Referring now to FIG. 9, a side perspective view of an example sensor assembly 900 is shown. As illustrated, protective housing 902 can be equipped with a translucent window 904 on the top such that IR energy can be captured via a sensor or thermopile. The bottom section of the protective housing 902 is open such that sensor components can be inserted as described with regard to FIG. 7 supra. Further, the open end of the protective housing 902 can be configured to mate to a circuit board 906, e.g., providing a waterproof or hermetic seal. It will be understood that, where appropriate, gaskets can be provided to assist with or enhance the sealing functionality.
 FIG. 10 illustrates a bottom-up perspective view of an example sensor assembly 1000 in accordance with aspects. From this vantage point, placement of glass fillers 1002 can be can be seen. In other words, each of the leads 1004 is passed through a glass filler 1004 upon insertion into the circuit board 1006.
 FIG. 11 is yet another perspective view of an assembly 1100 in accordance with aspects. As shown, a sensor component 1102 can be disposed within the center of circuit board 1104. In other aspects, the sensor component 1102 can be mounted upon an end cap that does not include circuitry. In these alternative aspects, the circuitry can be remotely located from the thermopile. It is to be appreciated that this illustration is exemplary and not intended to limit alternative aspects of the innovation.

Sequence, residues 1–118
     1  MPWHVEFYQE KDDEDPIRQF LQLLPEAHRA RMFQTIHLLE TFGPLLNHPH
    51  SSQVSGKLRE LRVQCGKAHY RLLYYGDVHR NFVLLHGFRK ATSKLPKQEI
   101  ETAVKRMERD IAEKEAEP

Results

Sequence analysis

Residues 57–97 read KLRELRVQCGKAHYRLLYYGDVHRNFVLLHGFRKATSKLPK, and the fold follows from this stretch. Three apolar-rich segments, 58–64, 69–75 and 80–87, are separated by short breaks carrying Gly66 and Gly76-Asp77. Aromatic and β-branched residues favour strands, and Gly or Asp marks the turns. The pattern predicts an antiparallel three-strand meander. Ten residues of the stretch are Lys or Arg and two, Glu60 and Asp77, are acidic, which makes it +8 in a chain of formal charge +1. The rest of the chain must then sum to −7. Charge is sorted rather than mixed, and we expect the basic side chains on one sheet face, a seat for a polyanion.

FIG. 12 illustrates an example placement of a copper frame 1202 within the closed face of protective housing 1204. In other words, the metal, e.g., copper, frame 1202 is encased within the protective housing 1204 together with other sensor components as described in greater detail supra. Further, the metal frame 1202 can be equipped with RTDs 1206 as shown. These RTDs 1206 can provide information necessary for temperature stabilization in accordance with the features, functions and benefits of the innovation. As well, the RTDs 1206 can provide heat as necessary for stabilization effect.